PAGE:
MSP branded 'utterly irresponsible' over move to repeal offensive behaviour act

12 December 2017, 06:09

Sectarian Police

A Labour MSP has been branded "utterly irresponsible" and "self serving" over efforts to repeal controversial legislation aimed at cracking down on football sectarianism.

James Kelly is to give evidence to MSPs on Holyrood's Justice Committee on his member's bill, which if passed, would scrap the Offensive Behaviour at Football and Threatening Communications Act.

But ahead of the committee meeting SNP MSP George Adam accused the Labour MSP of ignoring the "vast majority" of people in Scotland who support the legislation.

The SNP cited a YouGov poll from 2015 as showing more than 80% of Scots support the Act.

Mr Adam also pointed to a number of organisations who wanted it to remain in place, including Victim Support Scotland, the Scottish Human Rights Commission, the Scottish Council for Jewish Communities and Stonewall Scotland.

The legislation - which came into force in 2012 - criminalises behaviour which is ''threatening, hateful or otherwise offensive at a regulated football match including offensive singing or chanting''.

But it has been widely criticised by fan organisations and others, with Mr Kelly claiming it has unfairly targeted football fans, causing division between police and supporters.

Mr Adam however said: "James Kelly is utterly irresponsible in seeking to erode the powers our police currently have to tackle bigotry, just to land a political blow.

"He is a politician doggedly pursuing a self-serving agenda - entirely focused on his own political interests, but deaf to the views of the vast majority of people across Scotland.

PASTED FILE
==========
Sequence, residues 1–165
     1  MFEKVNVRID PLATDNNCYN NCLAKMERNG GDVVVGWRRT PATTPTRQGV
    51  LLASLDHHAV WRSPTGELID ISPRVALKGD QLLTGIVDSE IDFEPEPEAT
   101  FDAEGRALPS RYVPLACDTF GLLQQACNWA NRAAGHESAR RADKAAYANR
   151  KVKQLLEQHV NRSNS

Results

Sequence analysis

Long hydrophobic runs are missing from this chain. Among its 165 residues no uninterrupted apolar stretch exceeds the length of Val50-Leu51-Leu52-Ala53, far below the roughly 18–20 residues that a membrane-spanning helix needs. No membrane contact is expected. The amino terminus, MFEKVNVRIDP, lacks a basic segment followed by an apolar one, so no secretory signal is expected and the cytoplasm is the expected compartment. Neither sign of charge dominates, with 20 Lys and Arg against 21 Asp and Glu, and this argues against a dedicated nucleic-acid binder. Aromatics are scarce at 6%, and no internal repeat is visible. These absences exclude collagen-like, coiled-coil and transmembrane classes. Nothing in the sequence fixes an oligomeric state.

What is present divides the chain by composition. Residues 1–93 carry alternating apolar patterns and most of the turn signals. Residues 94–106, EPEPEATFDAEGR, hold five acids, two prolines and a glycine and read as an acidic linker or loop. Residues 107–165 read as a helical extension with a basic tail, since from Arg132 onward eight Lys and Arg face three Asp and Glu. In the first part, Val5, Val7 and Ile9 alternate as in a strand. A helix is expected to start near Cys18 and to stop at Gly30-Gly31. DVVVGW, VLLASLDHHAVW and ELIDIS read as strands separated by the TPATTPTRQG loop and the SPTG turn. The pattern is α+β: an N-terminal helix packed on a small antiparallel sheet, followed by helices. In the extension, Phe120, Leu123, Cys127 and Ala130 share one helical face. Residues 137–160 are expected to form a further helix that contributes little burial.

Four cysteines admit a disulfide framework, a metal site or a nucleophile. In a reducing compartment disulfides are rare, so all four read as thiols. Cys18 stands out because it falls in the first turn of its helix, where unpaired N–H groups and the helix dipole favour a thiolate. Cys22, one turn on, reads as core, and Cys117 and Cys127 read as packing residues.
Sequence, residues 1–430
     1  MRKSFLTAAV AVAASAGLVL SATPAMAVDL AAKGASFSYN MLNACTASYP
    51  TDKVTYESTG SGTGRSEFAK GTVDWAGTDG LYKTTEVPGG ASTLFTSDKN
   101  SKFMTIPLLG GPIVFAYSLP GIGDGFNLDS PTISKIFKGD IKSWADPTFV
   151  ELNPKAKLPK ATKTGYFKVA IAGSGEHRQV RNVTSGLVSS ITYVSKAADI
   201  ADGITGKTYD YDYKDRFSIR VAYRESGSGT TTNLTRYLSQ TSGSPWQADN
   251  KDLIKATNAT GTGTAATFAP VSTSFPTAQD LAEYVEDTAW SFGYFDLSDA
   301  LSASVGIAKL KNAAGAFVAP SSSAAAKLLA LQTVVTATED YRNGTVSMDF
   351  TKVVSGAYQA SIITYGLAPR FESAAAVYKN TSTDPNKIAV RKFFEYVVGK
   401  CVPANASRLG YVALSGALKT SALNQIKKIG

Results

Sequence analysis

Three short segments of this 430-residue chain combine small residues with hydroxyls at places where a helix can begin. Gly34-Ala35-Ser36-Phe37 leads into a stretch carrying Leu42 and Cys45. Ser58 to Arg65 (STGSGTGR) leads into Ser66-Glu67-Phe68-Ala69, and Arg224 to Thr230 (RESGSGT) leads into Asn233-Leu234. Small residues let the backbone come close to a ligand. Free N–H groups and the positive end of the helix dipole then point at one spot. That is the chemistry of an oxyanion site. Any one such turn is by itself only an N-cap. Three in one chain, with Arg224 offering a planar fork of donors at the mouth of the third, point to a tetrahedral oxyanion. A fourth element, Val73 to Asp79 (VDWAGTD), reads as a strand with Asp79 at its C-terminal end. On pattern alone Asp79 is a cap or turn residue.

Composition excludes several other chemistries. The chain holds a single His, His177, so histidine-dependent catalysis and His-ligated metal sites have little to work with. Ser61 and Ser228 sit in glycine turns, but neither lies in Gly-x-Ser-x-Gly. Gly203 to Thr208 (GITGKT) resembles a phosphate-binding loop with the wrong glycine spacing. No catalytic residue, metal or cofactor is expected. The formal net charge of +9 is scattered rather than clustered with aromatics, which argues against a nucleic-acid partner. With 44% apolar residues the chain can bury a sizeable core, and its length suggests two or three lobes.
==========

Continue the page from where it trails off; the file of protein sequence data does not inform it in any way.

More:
"At a time when the SNP Government is focussed on education, health, jobs, the economy and protecting Scotland's place in Europe, the Labour party would rather see us remove legislation that tackles sectarianism, prejudice and discrimination whilst offering no alternative in its place."

The SNP MSP continued: "Labour's core arguments are torpedoed by the fact of what the legislation has achieved and the overwhelming support it commands across society.

"The Act is backed by organisations representing the very vulnerable groups it is designed to protect - many of whom are critical of Labour's attempts to repeal the Act.

"If James Kelly had a modicum of political sense he'd find a new political hobbyhorse and drop his obsession with undermining the fight against sectarianism."

Mr Kelly replied, saying: "Time is running out for the Football Act. From legal experts and human rights groups to supporters' organisations, this legislation has been roundly condemned.

"The Football Act has been a failed PR stunt for the nationalists. They rushed it through Parliament in 2012, abusing their majority at the time with no support from any other party.

"Repealing the Football Act will leave no gap in the law, as experts have made clear to Parliament.

"It will also mean fans are no longer the subject of illiberal and unjust legislation, and it creates the opportunity for meaningful work to take place between supporters' groups, police and football clubs.

He added: "The SNP are now desperately clinging on to this disgraced law which has no record of success and it is time the party started listening to the majority of fans and experts who want the Act scrapped.

"Sectarianism is too complex a problem to be solved in 90 minutes on a Saturday.

"We need a generational change in attitudes and the place to do that is in communities and classrooms, not by needlessly criminalising working class young men."